During the Middle Ages the Emperor Charlemagne—Carl the Great to the German tribes—was losing soldiers to a dreadful plague. Folklore has it that an angel gave the ruler this herb, which was named in his honor, to stem the tide of this deadly epidemic. A natural hygrometer of sorts, carline thistle’s flower is sensitive to the level of moisture in the environment. As such, it closes whenever the humidity rises above a certain point, making it useful as a primitive weather forecasting device. A closed flower was taken as an indicator that rain was approaching. Malodorous when freshly plucked from the ground, the root develops a pleasant aroma when dried. In days long past, it was in high demand as an aphrodisiac. People in certain cultures attached the floral head to the front of the house to bring good luck.
What does it do?
Easy to identify, carline thistle provided a quick remedy for colds, its root also serving as an effective diuretic when the passage of urine was sluggish. Carline thistle brings relief to various skin conditions, such as acne and eczema, when applied externally. While young and still in the bud stage, the flower heads can be cooked and eaten like globe artichokes. Being such an accessible forage food, carline thistle was often referred to as hunter’s bread.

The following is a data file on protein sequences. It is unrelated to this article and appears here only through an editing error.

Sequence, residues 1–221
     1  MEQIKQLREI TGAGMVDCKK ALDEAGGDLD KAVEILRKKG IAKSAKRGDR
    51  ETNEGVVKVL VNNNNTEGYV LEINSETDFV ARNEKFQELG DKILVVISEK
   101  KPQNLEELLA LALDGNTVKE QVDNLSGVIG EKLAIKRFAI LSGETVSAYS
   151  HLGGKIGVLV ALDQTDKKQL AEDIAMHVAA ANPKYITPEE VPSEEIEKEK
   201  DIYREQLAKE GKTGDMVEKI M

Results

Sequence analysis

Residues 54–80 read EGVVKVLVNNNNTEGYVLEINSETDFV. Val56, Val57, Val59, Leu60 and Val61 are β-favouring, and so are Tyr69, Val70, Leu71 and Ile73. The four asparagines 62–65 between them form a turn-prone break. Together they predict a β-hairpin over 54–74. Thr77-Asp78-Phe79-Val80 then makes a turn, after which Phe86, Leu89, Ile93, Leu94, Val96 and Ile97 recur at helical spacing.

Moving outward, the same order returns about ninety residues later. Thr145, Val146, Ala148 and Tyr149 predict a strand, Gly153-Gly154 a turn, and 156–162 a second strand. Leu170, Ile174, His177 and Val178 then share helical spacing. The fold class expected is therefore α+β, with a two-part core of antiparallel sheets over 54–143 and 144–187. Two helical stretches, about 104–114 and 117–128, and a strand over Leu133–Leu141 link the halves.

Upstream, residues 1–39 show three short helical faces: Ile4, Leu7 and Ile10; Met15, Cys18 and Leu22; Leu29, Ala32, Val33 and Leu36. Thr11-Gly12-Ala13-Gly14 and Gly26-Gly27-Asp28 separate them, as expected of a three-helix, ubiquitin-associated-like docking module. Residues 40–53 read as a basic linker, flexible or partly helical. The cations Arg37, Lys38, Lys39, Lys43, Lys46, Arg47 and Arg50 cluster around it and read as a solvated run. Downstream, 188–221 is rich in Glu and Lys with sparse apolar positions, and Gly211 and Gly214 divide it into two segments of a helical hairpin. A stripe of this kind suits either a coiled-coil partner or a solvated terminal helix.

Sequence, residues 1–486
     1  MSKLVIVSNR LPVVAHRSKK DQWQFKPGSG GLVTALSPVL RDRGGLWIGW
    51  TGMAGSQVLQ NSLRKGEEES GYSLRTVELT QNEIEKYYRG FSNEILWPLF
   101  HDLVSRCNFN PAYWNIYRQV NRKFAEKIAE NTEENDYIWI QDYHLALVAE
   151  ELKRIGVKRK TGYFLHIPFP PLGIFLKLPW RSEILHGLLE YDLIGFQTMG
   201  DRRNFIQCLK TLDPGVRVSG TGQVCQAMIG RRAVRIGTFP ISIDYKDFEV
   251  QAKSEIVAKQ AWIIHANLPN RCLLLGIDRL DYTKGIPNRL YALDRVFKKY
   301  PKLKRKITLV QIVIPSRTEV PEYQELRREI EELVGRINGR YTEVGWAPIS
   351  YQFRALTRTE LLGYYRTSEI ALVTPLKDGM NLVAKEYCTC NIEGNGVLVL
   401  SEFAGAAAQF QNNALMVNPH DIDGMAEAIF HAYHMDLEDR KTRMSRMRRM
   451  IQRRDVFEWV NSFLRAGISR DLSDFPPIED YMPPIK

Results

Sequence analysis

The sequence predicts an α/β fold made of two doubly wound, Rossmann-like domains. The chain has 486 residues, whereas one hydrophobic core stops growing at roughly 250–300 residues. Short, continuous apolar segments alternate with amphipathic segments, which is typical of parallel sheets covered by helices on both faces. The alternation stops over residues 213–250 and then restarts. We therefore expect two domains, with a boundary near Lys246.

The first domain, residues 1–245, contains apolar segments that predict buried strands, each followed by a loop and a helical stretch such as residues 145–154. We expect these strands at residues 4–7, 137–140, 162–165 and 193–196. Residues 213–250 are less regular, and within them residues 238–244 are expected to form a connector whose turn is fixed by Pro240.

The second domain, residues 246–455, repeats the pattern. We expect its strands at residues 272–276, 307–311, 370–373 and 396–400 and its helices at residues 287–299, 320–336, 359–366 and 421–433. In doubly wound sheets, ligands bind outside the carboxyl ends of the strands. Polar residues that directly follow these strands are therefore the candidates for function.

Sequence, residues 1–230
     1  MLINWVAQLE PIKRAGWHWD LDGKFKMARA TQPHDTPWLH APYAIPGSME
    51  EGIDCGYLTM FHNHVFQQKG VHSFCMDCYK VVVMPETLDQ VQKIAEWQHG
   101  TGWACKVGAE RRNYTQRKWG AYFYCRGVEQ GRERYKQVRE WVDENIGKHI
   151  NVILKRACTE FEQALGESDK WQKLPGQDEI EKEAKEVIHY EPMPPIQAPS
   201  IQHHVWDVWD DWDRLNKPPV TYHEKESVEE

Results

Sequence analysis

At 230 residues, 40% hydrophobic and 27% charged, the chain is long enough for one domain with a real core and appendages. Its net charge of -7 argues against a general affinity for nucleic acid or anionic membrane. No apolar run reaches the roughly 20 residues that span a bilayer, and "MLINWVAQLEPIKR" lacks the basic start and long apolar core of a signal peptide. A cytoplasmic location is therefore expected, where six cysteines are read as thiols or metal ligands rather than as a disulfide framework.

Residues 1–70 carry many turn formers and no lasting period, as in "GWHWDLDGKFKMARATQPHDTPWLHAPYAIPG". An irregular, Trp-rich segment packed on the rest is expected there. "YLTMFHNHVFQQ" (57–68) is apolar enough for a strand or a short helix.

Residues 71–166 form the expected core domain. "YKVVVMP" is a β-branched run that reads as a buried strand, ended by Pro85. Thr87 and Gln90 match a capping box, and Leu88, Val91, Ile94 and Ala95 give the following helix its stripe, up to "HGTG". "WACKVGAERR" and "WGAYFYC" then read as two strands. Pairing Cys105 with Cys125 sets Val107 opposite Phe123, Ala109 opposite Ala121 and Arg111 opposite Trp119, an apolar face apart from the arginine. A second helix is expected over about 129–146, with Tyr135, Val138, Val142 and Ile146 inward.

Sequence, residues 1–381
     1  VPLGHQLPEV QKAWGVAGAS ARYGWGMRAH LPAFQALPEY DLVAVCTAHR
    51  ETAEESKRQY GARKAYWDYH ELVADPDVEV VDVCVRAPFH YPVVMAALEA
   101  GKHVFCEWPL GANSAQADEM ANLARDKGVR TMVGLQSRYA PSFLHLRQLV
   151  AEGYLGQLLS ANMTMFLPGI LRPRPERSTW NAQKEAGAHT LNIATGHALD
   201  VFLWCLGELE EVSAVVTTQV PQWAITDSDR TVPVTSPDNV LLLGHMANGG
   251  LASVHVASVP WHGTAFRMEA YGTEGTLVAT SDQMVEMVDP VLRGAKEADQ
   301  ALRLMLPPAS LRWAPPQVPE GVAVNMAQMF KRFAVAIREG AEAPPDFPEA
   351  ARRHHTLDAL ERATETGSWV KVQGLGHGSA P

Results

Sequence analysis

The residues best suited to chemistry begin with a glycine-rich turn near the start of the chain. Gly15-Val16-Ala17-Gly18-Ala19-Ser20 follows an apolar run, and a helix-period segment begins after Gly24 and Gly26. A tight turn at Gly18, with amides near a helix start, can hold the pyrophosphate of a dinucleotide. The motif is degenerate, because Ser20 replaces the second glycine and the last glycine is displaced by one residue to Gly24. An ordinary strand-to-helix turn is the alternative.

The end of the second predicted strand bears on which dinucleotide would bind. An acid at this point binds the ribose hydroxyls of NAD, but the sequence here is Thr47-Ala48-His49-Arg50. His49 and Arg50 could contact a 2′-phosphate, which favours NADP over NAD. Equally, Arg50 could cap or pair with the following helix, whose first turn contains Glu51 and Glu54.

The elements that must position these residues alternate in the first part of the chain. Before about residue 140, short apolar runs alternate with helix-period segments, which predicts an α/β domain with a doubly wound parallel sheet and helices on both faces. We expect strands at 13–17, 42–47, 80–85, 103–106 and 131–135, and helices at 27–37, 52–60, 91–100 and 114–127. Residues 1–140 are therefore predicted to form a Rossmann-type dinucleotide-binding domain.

About the herb
Native to the alpine regions of central and southern Europe, carline thistle is a perennial flowering plant that blooms between July and September. Because its flower head rests upon a basal leaf rosette, it gives the appearance of being stemless. Having both male and female organs, the flower is self-pollinating, with bees and butterflies adding their skills to the spread of its seed.
When stomach discomfort rises, a cup of carline thistle herb tea can offer you a non-traditional path toward attaining relief. To a cup of boiled water add 6 teaspoons of the plant’s rootstock. Allow the brew to steep for 15 minutes before straining. Since the mint family enjoys a reputation for breaking up digestive logjams, add a few fresh leaves of peppermint or spearmint to the tea to enhance its curative potential while adding zip to the flavor. This herbal concoction is also useful as an antiseptic gargle to soothe sore throats. Caution: do not use carline thistle during pregnancy.